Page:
distracted driving

Tough new laws against handling a cell phone behind the wheel  took effect in Washington and Oregon this year. Each state’s legislature made it illegal to drive while holding an electronic device for most any reason.

Washington lawmakers will return to the Capitol next week for “Committee Days” in advance of next January’s regular legislative session. Distracted driving and salmon net pens will be on the agenda.

Texting or holding a phone to your ear while driving is already illegal in Washington state. But starting Sunday, Washington state troopers and local police will begin enforcing a toughened law against distracted driving.

We all know that cellphones and driving can be a dangerous mix, and yet a quick glance at the sound of a ping can be irresistible to many motorists.

So beyond turning off your cellphone or leaving it at home, Apple has a new solution aimed at keeping drivers' eyes off the screen and on the road. When Apple's iOS 11 update comes out this fall, it will include a "Do Not Disturb While Driving" mode.

If you're one of the many who text, read email or view Facebook on your phone while driving, be warned: Police in your community may soon have a tool for catching you red-handed.

The new "textalyzer" technology is modeled after the Breathalyzer, and would determine if you had been using your phone illegally on the road.

Put down your phone and drive. That’s the message from Washington lawmakers.

The Washington House passed a new distracted driving law Wednesday and it needs one more vote in the Senate before it goes to the governor.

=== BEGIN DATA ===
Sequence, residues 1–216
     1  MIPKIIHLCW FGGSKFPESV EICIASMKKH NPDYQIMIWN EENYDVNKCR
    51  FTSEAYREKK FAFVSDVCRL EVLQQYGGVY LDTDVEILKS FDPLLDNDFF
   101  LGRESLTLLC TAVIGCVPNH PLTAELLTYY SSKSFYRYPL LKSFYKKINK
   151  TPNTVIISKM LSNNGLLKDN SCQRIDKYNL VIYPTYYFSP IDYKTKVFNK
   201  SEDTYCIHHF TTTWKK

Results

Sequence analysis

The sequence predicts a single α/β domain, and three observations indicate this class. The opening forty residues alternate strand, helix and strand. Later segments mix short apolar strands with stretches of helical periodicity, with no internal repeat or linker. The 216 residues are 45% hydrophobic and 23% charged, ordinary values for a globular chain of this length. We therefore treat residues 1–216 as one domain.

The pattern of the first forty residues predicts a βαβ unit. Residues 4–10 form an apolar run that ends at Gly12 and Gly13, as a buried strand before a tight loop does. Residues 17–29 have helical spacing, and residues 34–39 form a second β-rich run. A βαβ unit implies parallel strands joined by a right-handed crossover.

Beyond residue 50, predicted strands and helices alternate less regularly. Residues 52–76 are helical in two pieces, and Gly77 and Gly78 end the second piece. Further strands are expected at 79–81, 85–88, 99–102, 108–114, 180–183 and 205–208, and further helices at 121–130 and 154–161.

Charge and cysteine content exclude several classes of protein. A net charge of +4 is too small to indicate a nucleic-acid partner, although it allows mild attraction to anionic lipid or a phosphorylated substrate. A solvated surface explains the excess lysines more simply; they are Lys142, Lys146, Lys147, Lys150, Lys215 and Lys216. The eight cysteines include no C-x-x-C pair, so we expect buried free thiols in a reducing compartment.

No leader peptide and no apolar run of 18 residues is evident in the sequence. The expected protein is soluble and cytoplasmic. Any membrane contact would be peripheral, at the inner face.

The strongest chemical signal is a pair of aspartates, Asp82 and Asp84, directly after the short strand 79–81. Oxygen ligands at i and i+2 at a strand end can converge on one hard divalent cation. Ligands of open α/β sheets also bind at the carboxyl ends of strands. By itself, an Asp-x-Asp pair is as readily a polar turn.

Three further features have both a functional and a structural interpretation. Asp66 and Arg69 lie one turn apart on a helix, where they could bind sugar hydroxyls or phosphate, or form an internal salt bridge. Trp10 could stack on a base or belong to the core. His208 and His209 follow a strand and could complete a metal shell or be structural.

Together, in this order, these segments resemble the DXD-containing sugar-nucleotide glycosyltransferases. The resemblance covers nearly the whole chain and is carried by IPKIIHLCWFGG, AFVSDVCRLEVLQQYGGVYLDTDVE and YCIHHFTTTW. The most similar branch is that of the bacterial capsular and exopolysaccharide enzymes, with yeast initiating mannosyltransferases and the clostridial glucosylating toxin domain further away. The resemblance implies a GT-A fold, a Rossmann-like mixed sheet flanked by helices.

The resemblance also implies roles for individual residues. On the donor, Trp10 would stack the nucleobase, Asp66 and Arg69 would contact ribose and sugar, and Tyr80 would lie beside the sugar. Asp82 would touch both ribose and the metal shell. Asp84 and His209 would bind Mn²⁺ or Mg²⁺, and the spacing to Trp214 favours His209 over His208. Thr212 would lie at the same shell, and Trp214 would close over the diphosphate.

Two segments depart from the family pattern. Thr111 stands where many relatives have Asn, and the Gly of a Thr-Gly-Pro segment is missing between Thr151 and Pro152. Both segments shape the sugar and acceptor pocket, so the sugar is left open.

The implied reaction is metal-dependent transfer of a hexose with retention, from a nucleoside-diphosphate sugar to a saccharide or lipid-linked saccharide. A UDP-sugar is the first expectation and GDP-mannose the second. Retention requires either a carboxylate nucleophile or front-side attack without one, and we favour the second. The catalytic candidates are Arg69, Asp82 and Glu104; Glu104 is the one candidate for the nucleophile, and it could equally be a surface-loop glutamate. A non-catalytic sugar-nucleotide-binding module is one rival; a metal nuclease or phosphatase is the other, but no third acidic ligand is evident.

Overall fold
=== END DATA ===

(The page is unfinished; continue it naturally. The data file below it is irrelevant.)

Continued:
You may brag about your ability to multitask, but lawmakers in the Pacific Northwest insist you don’t do it behind the wheel. The Washington Legislature passed a pair of bills this week that would increase penalties for dangerous driving habits.

Lawmakers in Salem and Olympia are debating measures intended to crack down on distracted driving.

Oregon lawmakers are considering a measure that would make it illegal to check your social media feeds while you're behind the wheel. A House panel takes up the bill Monday afternoon.

In Washington state, there’s no law to keep you from checking Facebook while you drive. But that could change during this year’s legislative session. Lawmakers introduced a bill Wednesday that could force you to cut down your phone use on the road -- or pay a hefty fine if you get caught.

If you've felt smug and safe using built-in, voice-controlled technology for text messages, email and phone calls while driving, forget it. There are some sobering findings about the risk of distraction from the American Automobile Association and the University of Utah.

The proliferation of hands-free technology "is a looming public safety crisis," AAA CEO Robert Darbelnet says. "It's time to consider limiting new and potentially dangerous mental distractions built into cars."

Paula Wissel

Have you ever been tempted to respond to a text message while you’re behind the wheel?

Texting while driving is illegal in Washington state, but the practice is common enough that the state plans to launch a full scale campaign against it along the lines of the “Click it or Ticket” campaign that promotes seat belt use.